On the surface, it appears that the people of World State are very much liberated and are free to have sex. However, as Huxley reveals, this is not the case. The people in World State use birth control. This is one way that their government has stripped sex of its other functions other than pleasure, and in doing so the government also maintains control over the population. Its citizens are not allowed to be pregnant or give birth.
World State’s society has been wired to be driven only by pleasure, unlike today in the US where people are encouraged to seek both enjoyment and pleasure responsibly. So, while the use of birth control during or for sex is generally accepted, they are not required. Individuals have the option to get pregnant or not, unlike in World State where pregnancy is out of the question.
The entire world today lives in a consumerist society. This is something that appears to have continued on to the future as depicted in Brave New World. Since the society in Brave New World has eliminated the truth and all social ills, they have nothing else to seek by happiness, which for them means satisfying one’s desires. It thus comes as no surprise that World State is a consumerist society.
The familiar imagery of corporate employees in suits chasing promotions and money but ultimately leading empty lives come to mind. Although the people in World State are not necessarily trapped in a corporate building, they too are trapped in their own way. Huxley uses the metaphor of bottles for the people’s entrapment. The Controller meditatively continued that people go through life in a bottle. The society of the World State is, thus, trapped by or in their base desires.
The consumerist society today traps people by making them believe that they need to purchase so many things that they don’t need in reality. This pushes people to work hard, mindlessly, and compromise the search for truth and happiness. The things they buy give them temporary happiness, much in the same way that the drug soma and sex provide the people of World State City temporary happiness. Although the ways in which the two societies are trapped are different, it all boils down to the fact that they are being controlled through things that they think they enjoy.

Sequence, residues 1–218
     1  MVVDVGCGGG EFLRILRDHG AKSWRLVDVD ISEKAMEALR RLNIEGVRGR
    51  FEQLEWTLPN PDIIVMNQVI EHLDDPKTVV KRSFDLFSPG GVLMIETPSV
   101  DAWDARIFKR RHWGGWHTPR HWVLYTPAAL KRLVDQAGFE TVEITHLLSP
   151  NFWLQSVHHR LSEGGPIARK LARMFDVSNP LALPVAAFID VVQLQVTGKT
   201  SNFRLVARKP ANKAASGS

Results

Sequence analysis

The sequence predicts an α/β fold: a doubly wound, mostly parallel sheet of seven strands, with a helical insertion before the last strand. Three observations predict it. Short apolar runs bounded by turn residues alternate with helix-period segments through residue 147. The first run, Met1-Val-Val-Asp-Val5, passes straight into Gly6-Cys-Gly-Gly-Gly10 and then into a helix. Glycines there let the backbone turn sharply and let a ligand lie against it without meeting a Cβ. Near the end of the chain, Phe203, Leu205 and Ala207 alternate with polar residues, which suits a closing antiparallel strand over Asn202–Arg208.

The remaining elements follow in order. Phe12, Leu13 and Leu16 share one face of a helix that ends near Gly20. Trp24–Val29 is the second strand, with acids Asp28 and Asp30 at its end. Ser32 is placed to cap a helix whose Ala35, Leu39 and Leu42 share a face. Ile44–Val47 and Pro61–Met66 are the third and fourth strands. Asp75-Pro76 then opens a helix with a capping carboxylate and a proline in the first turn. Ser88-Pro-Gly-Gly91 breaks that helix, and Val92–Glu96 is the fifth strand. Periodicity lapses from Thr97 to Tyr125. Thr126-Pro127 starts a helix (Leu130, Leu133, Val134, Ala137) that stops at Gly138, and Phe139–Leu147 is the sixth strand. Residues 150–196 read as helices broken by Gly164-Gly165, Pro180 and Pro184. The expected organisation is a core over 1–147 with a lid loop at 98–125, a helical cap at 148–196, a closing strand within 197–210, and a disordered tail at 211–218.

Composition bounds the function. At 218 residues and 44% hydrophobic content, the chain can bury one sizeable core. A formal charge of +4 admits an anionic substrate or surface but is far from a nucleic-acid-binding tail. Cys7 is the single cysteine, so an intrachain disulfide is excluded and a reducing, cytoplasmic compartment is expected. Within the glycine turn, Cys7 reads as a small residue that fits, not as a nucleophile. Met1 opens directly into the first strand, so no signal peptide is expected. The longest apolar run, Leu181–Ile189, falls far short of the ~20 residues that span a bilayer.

Although the United States is not under a dictatorship and Americans pride themselves in being free, in many ways they are not really free. Similar to World State City, there are a plethora of covert ways in which those in power manipulate their options and, ultimately, even the choices they make. Huxley’s satirical depiction of the future should serve as a warning for us, to make us wary of such subverted modes of control, yet, as a society, we have allowed these modes to take control.
The present society is not yet at the level of World State City, but the similarities and parallelisms in how society is being controlled through technology, social norms, namely sex, and consumerist values are already disturbing. And who knows? Maybe the world that Huxley foresaw will come to life one day. At the rate, technology is advancing and how people long for total freedom, it is no longer far from impossible.
Students are tasked to write a lot of literature reviews in school. We understand it is not an easy task as you have other subjects to spend time on. Writing apparently takes a huge chunk of time that sometimes even exceeds the time you spent on your math homework. We at CustomEssayMeister can help you write your essays, book reviews, case studies, and other writing assignments. You just have to send us a message and you can resume doing your math homework and receive the writing assignment from us at the same time!
Huxley, Aldous. Brave New World. Chatto & Windus, 1932.
Lohnes, Kate. “Brave New World.” Encyclopædia Britannica, Encyclopædia Britannica, 2 July 2018, www.britannica.com/topic/Brave-New-World.
We work 24/7 and we are affordable (from $13.95/page). Our writers, managers and support agents all have been involved in academic ghostwriting for years. We can assist even with the most difficult writing assignment under time constraints.